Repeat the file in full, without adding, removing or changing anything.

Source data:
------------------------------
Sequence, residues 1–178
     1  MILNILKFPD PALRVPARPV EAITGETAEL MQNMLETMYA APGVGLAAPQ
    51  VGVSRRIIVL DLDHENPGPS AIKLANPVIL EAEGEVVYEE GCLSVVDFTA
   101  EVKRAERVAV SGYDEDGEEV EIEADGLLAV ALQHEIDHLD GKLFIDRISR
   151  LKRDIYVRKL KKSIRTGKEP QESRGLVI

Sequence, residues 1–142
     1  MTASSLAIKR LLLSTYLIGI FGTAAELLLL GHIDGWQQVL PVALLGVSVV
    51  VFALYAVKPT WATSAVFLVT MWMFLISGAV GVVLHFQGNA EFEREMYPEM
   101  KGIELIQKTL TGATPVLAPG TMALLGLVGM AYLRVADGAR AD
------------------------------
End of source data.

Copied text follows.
Sequence, residues 1–178
     1  MILNILKFPD PALRVPARPV EAITGETAEL MQNMLETMYA APGVGLAAPQ
    51  VGVSRRIIVL DLDHENPGPS AIKLANPVIL EAEGEVVYEE GCLSVVDFTA
   101  EVKRAERVAV SGYDEDGEEV EIEADGLLAV ALQHEIDHLD GKLFIDRISR
   151  LKRDIYVRKL KKSIRTGKEP QESRGLVI

Sequence, residues 1–142
     1  MTASSLAIKR LLLSTYLIGI FGTAAELLLL GHIDGWQQVL PVALLGVSVV
    51  VFALYAVKPT WATSAVFLVT MWMFLISGAV GVVLHFQGNA EFEREMYPEM
   101  KGIELIQKTL TGATPVLAPG TMALLGLVGM AYLRVADGAR AD